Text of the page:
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TeachNet NYC: Lesson Plans

The Census

Project URL: http://teachersnetwork.org/teachnet-lab/ps101/moved%20files/census.htm

How it works:
This lesson will teach students what the census is and why the 2000 census is important. To begin, paper is given to the students for a fictional art project that will take place later in the day. Purposely undercount the number of students so that not every child gets a sheet of paper. When students realize that not every student received paper, discuss how some people were "cheated" because not everyone was counted. Then, discuss with students what a census is and why the 2000 census is important.

Have students do research on the census by going on-line to the U.S. Census Bureau Web site at www.census.gov. Show the students a real census form, and ask how many have seen and/or returned one. Again, discuss why the census is important, and what would happen if there were an undercount.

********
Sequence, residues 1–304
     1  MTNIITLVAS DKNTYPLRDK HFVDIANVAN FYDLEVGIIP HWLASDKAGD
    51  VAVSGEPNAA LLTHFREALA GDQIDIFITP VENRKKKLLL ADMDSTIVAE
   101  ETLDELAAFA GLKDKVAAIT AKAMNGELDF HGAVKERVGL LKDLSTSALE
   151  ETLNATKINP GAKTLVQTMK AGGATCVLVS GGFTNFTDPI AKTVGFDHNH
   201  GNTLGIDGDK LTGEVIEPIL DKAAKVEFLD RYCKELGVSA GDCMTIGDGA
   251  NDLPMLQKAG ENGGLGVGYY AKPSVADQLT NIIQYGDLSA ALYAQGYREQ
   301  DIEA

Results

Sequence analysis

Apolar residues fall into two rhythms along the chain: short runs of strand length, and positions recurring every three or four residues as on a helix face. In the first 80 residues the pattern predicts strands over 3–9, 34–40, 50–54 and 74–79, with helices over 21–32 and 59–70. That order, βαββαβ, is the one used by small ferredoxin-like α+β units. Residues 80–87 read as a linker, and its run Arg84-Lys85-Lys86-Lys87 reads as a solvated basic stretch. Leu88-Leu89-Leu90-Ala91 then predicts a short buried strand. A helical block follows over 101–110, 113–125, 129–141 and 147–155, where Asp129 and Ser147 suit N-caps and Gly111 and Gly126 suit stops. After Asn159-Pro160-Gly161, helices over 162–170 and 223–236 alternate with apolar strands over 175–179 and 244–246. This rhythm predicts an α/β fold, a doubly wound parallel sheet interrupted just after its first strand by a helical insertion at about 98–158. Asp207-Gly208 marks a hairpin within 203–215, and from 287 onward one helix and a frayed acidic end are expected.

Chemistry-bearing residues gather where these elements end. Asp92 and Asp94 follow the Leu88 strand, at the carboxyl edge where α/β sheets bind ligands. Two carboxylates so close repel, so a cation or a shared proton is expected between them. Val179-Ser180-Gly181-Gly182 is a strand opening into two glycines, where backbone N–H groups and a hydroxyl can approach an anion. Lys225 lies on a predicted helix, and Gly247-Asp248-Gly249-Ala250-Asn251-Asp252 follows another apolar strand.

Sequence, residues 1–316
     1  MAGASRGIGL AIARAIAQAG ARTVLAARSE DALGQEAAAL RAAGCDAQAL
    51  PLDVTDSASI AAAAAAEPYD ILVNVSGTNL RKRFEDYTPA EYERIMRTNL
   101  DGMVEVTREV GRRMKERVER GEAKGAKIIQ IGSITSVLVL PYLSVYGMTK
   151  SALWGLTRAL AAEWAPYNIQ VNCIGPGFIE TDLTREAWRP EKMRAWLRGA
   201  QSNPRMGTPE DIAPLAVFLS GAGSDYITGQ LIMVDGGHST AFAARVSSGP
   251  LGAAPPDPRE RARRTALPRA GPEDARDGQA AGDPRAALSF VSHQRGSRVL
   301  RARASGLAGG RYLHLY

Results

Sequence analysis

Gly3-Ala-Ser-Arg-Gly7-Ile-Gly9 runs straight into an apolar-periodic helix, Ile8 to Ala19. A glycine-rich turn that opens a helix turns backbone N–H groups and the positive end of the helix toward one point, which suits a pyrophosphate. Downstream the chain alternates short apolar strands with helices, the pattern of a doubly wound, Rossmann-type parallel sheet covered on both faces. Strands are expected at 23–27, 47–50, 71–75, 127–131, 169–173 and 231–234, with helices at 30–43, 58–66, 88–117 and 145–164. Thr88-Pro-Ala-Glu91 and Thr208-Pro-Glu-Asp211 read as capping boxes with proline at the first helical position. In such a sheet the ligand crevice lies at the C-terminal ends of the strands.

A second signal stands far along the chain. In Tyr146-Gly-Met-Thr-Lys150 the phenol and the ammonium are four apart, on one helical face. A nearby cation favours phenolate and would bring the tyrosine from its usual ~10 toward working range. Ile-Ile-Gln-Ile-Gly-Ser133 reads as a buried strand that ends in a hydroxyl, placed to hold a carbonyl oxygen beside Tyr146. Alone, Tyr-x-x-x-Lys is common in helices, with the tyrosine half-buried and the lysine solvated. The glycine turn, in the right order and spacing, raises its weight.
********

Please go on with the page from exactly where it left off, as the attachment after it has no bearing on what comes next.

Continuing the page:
1. Complete an authentic form with appropriate use of language.
2. Write a persuasive speech or essay.
3. Use technology to access
4. Analyze data from website to create a bar graph.
5. Design and create a poster to encourage people to return their census forms.

The students:
The students are in fifth grade. They are heterogeneously grouped in an average class setting. This lesson is appropriate for students in grade 3-8.

Overall value:
This lesson is timely and relevant. Students should know this information and why it is important. Perhaps students could educate and encourage their parents to return a census.

Tips for teachers:
Teachers should be prepared with background knowledge and a copy of the census.

About the Teacher:

Barbara Ruszkowski is a fifth grade teacher at P.S. 101 in Brooklyn, New York. She has been teaching at the elementary level for twelve years.


Estimated Class Periods To Complete: 6

Subject: Social Studies

Beginning Grade Level: 3

Ending Grade Level: 8

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